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Four exhibitions

We recently gorged ourselves on four international photographic exhibitions in Sydney in less than 24 hours…luckily I’m both omnivorous and ravenous in this respect, and they were all worth seeing.

First up was the
Wildlife Photographer of the Year (2012) at the Australian Museum
australianmuseum.net.au/event/Wildlife-Photographer-2012

This long-established and prestigious show is always a feast for a nature-lover’s eyes, and for a landscape photographer such as myself, a chance to marvel again at the persistence and pain that animal-chasers go through to get those once-in-a-career shots…although some folks seem able to produce amazing images more often than that.

A case in point is the Canadian Paul Nicklen who has several pictures in the exhibition and took out the grand prize for best overall photo – Emperor Penguins streaking for the surface on the edge of an ice floe, taken from beneath the frigid waters with exceptional natural lighting.
Speaking of which, what do you think of the current trend for making images of nature with dramatic mixed light sources, like foreground flash against a starry sky? I reckon they’re certainly impressive, but getting a bit tedious and miles away from what anyone can actually see out there. There were only a handful of images exhibited in each of my two favourite categories: ‘Wildscapes’ and ‘Botanical Realms’ and each had one of these ‘surreal’ pictures…but they didn’t win.
There were a lot of lions and polar bears, and as expected the ‘World in Our Hands’ section was depressing, while the young photographers were inspirational. The 11-14 age winner is an image of a Red Kite (that’s the British bird, not a Chinese movie) in a pale sky with a blurred passenger jet in the background. Lucky maybe, but luck rewards the persistent and prepared, and the well-balanced composition was no coincidence.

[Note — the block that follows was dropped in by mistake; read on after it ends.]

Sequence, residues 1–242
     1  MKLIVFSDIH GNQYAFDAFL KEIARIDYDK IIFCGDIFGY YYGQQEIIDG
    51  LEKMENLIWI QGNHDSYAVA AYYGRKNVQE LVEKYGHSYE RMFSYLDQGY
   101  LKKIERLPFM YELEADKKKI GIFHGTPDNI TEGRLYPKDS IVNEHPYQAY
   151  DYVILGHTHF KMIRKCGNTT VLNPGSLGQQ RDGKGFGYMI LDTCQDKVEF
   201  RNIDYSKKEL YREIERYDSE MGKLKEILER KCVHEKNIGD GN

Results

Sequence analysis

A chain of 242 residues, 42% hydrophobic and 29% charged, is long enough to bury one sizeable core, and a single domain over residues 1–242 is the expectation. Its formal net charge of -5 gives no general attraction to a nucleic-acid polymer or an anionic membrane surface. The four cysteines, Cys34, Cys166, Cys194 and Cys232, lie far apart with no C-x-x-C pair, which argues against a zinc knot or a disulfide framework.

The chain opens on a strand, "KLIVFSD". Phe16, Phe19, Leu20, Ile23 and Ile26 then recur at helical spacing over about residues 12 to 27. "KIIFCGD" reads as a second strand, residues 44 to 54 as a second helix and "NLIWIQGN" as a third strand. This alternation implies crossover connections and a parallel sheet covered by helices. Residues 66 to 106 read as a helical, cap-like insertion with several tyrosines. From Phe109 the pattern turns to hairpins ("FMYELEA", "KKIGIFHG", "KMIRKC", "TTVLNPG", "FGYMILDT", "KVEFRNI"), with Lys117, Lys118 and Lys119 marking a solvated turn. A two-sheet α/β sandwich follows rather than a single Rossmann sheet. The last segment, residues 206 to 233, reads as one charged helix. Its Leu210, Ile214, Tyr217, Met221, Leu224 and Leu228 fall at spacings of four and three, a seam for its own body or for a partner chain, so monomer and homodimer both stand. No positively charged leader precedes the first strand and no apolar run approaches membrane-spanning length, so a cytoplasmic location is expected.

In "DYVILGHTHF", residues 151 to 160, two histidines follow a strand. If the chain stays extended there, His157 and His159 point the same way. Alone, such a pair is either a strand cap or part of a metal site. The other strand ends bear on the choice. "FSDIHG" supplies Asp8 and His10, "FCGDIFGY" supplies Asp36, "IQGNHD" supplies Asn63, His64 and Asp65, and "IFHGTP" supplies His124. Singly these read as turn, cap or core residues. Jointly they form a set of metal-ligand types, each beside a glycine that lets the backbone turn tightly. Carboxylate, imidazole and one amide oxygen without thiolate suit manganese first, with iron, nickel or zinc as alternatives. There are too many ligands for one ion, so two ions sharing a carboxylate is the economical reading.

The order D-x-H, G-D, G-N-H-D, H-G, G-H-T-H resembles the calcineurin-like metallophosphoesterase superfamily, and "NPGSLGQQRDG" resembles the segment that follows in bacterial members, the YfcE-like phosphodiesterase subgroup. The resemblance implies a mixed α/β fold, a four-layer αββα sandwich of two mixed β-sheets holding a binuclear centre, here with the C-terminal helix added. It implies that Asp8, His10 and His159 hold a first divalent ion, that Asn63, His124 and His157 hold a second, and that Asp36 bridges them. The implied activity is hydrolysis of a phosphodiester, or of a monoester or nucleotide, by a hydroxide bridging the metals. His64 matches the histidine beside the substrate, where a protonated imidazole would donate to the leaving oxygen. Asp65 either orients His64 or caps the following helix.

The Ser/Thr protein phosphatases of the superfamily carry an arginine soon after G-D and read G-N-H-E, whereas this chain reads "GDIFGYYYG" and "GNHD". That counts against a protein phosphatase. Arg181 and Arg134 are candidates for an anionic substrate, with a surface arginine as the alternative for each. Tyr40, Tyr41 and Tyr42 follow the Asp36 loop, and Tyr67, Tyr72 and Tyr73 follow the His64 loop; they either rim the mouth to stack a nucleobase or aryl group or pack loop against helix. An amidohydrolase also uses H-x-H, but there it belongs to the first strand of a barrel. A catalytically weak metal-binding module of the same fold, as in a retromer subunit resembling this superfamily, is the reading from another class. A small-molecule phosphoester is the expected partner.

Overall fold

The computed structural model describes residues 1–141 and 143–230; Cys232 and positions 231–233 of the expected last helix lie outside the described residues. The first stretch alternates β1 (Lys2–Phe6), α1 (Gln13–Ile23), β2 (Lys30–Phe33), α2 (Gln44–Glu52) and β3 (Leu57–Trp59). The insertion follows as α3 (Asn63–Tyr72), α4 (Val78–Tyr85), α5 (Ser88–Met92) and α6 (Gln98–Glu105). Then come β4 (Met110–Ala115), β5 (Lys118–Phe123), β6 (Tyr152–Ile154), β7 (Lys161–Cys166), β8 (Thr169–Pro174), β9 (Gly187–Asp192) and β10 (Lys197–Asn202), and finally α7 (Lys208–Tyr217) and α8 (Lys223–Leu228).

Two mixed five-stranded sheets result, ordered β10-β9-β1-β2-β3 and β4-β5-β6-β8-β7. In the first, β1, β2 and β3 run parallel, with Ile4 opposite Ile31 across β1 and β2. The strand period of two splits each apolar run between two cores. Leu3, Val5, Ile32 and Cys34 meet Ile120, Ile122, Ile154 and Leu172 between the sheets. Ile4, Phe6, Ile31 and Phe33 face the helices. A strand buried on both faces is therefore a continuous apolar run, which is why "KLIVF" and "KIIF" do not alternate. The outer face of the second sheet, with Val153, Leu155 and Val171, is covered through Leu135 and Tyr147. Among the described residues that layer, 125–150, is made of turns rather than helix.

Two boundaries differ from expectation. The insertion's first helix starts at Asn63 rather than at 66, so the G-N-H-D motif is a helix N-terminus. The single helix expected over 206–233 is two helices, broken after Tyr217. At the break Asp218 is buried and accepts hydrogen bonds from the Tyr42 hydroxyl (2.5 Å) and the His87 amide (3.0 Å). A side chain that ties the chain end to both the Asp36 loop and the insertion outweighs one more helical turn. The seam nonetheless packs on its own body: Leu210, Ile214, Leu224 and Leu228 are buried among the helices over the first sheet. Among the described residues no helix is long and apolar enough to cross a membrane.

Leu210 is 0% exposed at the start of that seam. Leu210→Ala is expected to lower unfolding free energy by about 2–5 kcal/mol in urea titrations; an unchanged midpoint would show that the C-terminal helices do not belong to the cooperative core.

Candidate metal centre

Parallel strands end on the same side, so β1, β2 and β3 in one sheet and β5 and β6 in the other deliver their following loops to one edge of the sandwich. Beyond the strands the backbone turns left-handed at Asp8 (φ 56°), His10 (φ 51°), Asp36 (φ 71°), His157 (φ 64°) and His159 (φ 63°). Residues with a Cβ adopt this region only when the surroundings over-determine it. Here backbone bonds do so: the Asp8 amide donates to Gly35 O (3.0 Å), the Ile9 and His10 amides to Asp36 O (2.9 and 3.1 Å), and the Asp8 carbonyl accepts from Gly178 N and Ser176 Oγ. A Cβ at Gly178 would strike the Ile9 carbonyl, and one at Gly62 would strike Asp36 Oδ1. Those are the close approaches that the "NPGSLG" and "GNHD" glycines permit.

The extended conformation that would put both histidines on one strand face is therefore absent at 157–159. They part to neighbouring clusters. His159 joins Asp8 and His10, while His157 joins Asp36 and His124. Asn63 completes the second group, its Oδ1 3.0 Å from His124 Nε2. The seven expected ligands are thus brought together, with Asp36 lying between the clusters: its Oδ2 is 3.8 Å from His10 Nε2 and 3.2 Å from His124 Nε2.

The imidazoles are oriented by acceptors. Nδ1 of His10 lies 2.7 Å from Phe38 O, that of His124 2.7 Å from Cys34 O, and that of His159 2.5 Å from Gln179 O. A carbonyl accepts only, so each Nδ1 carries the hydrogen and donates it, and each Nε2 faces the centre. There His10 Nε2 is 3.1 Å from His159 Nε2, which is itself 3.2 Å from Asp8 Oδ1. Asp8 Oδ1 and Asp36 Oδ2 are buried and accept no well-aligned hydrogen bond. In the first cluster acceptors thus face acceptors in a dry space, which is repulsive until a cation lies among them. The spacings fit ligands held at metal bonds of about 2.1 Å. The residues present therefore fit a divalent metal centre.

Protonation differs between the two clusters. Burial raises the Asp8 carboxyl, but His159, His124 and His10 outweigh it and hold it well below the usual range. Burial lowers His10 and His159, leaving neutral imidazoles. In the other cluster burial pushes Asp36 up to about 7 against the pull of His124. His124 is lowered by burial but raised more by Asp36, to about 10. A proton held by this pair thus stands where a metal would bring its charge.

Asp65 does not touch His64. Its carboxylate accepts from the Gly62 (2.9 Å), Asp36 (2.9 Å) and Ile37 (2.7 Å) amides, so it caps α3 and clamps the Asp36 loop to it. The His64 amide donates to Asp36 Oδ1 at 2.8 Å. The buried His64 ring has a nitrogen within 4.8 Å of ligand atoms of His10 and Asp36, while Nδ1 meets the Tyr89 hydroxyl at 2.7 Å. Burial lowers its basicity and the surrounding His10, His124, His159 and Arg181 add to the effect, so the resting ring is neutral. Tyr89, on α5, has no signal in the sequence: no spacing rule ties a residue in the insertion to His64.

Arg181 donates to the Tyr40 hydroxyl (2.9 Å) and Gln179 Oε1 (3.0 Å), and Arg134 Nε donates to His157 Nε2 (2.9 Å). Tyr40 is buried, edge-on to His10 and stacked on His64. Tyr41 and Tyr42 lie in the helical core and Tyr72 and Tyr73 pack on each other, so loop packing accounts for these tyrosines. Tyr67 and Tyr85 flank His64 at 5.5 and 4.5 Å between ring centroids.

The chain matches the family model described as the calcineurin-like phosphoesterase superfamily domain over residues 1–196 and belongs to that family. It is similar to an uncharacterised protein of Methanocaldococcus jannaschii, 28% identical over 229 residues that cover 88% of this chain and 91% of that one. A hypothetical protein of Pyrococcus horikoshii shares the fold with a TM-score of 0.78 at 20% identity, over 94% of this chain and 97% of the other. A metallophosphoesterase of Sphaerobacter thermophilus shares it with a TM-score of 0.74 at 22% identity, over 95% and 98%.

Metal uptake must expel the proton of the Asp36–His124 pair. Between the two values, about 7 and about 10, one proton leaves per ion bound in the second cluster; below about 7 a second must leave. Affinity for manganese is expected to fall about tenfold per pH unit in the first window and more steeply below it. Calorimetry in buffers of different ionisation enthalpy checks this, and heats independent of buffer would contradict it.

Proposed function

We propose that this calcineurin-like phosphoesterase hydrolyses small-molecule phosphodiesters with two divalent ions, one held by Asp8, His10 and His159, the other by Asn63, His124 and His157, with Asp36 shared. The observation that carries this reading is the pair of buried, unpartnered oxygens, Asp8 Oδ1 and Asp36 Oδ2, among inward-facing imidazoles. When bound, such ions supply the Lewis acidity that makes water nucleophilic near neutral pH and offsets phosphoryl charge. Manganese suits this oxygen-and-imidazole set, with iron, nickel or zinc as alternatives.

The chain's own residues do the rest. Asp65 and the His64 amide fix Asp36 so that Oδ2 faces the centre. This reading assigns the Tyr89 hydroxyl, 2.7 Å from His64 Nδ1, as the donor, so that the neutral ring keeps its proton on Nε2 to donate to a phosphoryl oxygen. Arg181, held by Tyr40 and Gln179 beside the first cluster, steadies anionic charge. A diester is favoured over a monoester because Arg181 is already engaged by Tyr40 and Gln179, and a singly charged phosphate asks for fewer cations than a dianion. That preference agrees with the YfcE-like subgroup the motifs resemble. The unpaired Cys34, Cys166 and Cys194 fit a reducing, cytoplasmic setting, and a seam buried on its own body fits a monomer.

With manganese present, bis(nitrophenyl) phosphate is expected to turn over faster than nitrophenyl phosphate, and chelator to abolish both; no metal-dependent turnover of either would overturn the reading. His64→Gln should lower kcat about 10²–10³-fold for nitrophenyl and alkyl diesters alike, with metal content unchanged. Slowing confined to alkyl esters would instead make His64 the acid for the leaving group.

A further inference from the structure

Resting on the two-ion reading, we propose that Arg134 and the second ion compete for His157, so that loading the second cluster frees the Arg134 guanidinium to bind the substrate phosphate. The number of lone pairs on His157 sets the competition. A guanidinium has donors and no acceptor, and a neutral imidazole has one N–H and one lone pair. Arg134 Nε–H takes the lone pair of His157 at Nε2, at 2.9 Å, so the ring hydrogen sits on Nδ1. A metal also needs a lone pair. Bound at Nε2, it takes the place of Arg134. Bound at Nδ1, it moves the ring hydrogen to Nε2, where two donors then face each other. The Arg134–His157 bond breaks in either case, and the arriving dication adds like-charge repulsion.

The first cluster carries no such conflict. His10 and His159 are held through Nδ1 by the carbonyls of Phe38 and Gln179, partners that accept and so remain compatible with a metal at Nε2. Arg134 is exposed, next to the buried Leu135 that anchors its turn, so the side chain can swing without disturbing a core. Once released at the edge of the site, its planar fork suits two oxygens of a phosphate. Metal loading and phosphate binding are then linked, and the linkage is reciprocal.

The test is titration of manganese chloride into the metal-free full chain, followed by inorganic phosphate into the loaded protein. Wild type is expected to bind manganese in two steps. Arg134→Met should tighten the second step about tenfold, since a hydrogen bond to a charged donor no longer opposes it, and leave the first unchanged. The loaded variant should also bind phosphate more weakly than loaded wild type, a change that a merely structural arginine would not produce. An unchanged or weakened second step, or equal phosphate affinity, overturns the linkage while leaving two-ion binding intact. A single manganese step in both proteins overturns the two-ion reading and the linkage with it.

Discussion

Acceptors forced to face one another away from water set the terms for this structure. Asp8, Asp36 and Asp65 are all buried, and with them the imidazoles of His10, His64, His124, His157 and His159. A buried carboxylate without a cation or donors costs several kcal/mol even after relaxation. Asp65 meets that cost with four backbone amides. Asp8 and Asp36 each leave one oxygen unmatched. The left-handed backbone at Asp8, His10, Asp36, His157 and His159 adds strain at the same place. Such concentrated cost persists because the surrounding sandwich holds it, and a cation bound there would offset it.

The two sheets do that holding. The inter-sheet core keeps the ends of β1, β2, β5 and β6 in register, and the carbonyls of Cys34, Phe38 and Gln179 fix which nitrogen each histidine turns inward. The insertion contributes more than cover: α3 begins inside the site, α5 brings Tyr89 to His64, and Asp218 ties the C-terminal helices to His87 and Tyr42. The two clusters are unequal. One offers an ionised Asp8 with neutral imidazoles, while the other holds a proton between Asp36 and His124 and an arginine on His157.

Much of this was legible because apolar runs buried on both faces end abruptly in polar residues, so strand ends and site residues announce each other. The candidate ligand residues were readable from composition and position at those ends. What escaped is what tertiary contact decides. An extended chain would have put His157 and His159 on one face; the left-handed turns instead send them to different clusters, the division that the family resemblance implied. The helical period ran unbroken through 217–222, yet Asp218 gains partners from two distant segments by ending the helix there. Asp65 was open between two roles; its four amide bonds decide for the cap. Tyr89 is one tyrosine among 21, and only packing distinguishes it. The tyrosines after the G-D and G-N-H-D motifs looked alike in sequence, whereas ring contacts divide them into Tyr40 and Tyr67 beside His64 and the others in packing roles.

Other images that impressed were a beautifully bedraggled raven, and a Texan hunter-lawyer in his trophy room crammed with the heads and hides of 230 different species. I can understand hunting, but hunting just for heads on sticks leaves me stone cold. Interestingly, amongst a dominance of Canon digital equipment, I think this was the only analogue photo in the whole exhibition, made on medium format negative film.

There was only one Australian image in the show, by Ofer Levy – a flying fox drinking in flight from a dam…in Parramatta Park!

Then we went to see the
World Press Photo 2013 at the State Library of NSW
http://www.sl.nsw.gov.au/events/exhibitions/2013/world_press_photo/index.html

That was an eye-watering change of pace, with images mostly of war, mayhem, destruction and other types of sadness. A change of style too, with the ‘grab-shot’ form of reportage photography, complete with all the technical flaws, contrasting with the artful perfection of the best nature photography. You’ve got to respect the ability and guts of these news photographers to get anything at all in some of the situations they’re in. Interestingly, first prize in the Stories section of the Nature category went to…Paul Nicklen for the same image(s) of Emperor Penguins!

Ansel Adams: Photography from the Mountains to the Sea at the National Maritime Museum
http://www.anmm.gov.au/site/page.cfm?u=2145